“[A] transaction can legitimately be regulated by the jurisdiction where the transaction occurs, the jurisdictions where significant effects of the transaction are felt, and the jurisdictions where the parties burdened by the regulation are from.” [8] This means that more than one jurisdiction may have stake to a claim.
Lack of notice as to what jurisdiction will lay stake to a claim is commonplace.
Scope of enforcement power.
A country can enforce a judgment:
In its own territory, if the defendant is located or has assets there
In another country, if it obtains personal jurisdiction and the other country recognizes the judgment and the defendant is located or has assets there
In its owner territory, if it can extradite the defendant [10] Impediments:
Other countries may not recognize jurisdiction (e.g., If Singapore says it has personal jurisdiction over me).
Criminal behavior must be criminal in both places.
Theoretically, it makes sense, but enforceability is limited.
 
John Rothchild, Protecting the Digital Consumer: The Limits of Cyberspace Utopianism
What you do online may be available everywhere, however, it may have different effects.  For example, only selling to location A; not location B.
Uncertainty of location.  800 numbers have the same problem as the internet.  In other words, online activity is not that different than other activities.
 
Tony Long, It’s Just the “internet” Now
The article discusses using a lowercase “i” for the internet
If
“I do all my research on the Interent”
“Don’t you just love the Web?”
Then
“I’ll call you on the Telephone”
“I saw it on the Television”
 
Pluralist Approach of Online Conduct
Transnational Cyberspace Law
Pros
Uniformity
Cons
Enforceability (no transnational enforcement agency)
Transactional Intermediaries
Any entity that is an indispensable participant in online transactions can regulate conduct through contractual or technological restrictions.
ISP
Payment intermediaries (e.g., PayPal)
e.g., disallowing online gambling.  Many states prohibit gambling online and gambling is less convenient (e.g., send a money order).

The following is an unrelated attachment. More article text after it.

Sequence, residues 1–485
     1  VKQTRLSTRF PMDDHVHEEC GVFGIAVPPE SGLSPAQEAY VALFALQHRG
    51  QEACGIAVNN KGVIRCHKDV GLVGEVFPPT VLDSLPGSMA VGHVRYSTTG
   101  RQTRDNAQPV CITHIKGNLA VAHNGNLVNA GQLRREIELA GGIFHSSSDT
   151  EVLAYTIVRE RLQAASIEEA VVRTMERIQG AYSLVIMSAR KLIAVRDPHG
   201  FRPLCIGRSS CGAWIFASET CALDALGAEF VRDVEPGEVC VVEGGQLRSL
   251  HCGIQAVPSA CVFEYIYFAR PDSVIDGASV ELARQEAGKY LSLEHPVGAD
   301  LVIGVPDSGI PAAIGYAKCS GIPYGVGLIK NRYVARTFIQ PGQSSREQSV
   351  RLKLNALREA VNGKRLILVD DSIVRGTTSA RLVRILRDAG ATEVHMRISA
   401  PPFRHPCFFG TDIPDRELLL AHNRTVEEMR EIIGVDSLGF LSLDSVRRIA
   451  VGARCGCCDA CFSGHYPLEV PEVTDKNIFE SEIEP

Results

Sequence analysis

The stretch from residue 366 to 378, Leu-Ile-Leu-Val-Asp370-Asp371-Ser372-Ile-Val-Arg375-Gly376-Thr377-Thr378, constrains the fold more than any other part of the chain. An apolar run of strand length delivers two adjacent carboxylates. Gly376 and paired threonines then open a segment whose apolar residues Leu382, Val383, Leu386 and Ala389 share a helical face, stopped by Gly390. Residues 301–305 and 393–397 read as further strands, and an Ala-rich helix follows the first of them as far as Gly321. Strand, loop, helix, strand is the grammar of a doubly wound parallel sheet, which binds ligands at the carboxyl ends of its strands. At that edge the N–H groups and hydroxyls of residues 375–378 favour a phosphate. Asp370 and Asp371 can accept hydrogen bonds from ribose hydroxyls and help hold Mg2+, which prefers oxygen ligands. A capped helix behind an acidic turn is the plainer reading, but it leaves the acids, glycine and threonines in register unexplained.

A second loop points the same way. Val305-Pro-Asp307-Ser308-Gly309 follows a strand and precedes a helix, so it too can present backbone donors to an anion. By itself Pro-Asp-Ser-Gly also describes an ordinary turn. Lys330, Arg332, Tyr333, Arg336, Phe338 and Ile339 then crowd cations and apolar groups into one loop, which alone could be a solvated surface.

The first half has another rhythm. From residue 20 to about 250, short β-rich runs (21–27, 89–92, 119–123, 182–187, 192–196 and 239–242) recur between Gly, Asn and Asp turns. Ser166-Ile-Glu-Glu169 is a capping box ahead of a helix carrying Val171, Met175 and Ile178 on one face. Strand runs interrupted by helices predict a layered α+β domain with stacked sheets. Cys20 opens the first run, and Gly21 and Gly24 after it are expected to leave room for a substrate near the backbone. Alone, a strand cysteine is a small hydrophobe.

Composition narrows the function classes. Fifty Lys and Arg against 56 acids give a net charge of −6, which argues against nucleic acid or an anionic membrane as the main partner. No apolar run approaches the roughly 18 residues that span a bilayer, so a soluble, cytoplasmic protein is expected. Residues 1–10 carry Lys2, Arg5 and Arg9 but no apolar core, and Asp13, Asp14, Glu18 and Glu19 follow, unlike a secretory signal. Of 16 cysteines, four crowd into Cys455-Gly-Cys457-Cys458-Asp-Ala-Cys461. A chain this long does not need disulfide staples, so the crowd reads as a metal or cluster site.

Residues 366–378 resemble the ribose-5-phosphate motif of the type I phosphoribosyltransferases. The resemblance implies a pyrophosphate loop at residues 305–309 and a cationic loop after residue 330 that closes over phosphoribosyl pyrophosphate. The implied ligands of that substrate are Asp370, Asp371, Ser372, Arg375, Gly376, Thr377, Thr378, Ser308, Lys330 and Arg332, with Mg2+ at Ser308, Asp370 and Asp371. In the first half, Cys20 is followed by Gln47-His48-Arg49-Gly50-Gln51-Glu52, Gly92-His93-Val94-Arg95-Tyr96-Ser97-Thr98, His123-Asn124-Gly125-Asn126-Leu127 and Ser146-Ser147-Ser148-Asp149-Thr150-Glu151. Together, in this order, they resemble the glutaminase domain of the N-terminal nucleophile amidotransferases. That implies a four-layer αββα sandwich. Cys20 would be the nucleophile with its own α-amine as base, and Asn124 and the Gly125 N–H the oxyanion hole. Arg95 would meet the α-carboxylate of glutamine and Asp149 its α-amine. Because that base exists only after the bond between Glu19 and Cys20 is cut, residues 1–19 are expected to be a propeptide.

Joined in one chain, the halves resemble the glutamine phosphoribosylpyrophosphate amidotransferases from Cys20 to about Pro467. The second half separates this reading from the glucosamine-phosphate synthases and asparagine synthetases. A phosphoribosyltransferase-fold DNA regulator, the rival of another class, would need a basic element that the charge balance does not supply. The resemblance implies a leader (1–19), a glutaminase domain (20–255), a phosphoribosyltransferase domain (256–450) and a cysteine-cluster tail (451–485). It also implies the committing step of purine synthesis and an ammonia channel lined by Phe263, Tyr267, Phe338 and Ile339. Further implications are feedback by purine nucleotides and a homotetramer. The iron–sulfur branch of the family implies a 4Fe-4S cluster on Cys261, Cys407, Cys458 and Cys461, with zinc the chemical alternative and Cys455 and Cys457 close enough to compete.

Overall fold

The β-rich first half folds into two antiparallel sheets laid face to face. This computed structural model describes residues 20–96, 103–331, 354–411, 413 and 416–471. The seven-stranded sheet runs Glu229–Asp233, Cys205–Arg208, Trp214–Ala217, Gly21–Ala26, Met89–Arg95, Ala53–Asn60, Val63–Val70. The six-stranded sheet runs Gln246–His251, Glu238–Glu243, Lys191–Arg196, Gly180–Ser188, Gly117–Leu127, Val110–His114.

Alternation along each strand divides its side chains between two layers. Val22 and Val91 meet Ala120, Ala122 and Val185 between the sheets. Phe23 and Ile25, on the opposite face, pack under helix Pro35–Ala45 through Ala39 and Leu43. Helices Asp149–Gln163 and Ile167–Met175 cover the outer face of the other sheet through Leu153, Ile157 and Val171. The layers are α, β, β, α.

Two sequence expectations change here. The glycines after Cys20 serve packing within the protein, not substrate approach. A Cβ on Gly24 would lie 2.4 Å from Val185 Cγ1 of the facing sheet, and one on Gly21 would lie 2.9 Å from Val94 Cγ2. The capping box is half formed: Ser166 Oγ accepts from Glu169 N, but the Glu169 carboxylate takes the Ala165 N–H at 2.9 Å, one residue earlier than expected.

Also have a

hore gambling.
 
Class Notes:
How does the WTO enforce its decisions?  Enforcement is through trade sanctions such as tariffs on imports from Antiqua.  The problem is that the U.S. may not care about import tariffs from Antiqua. 
A violation of TRIPS may allow Antiqua to violate copyright laws, etc… This is another way to harm the U.S.
Approaches to controlling offensive foreign content:
Establish national filtering system
Requiring domestic ISPs to implement filtering
Making it illegal for its residents to receive the content
Establishing uniform global restrictions that all countries will enforce against content providers located within the jurisdiction
C.   Commerce Clause Limitations on State Power to Regulate Online Activities
American Libraries Association v. Pataki, 969 F.Supp. 160 (S.D.N.Y. 1997)
Facts: The plaintiffs represent a variety of individuals and organizations that use the internet to communicate, disseminate, and display information.  The sought a preliminary injunction against a New York criminal statute that outlawed sending any content over the internet that depicts nudity to a minor, regardless of who initiated the communication.
Ruling: The preliminary injunction is granted.  The New York law violates the Commerce Clause.
Major Point/Reasoning:
Only Congress is allowed to legislate in areas that affect interstate commerce.
Internet analogy: “I shot an arrow into the air; it fell to the earth I know not where.”
This represents the fact that it is extremely difficult to limit where internet communications are sent to.  For example, a message from NY to NY may pass through NJ.
The act concerns interstate commerce.  This is illustrated by the statement above.
New York has overreached by enacting a law that seeks to regulate conduct occurring outside its borders.
The burden the Act imposes on interstate commerce exceeds any local benefit.
Pike Test:
1)      Legitimacy of the state’s interest
2)      Weighs the burden of interstate commerce in light of the local benefit derived from the statute.
Protecting pedophilia is a legitimate state objective, but the local benefits are not overwhelming (e.g., enforcement, other means of protection, notice, etc…)
Dormant commerce clause is a two stage test:
Is there discrimination against other states?  If so, then law is void. If not, then go to 2.
Balance local benefits against the effects on interstate commerce
“The Internet . . . requires a cohesive national scheme of regulation so that users are reasonably able to determine their regulations.  Regulation on a local level, by contrast, will leave users lost in a welter of inconsistent laws, imposed by different states with different priorities.” [44]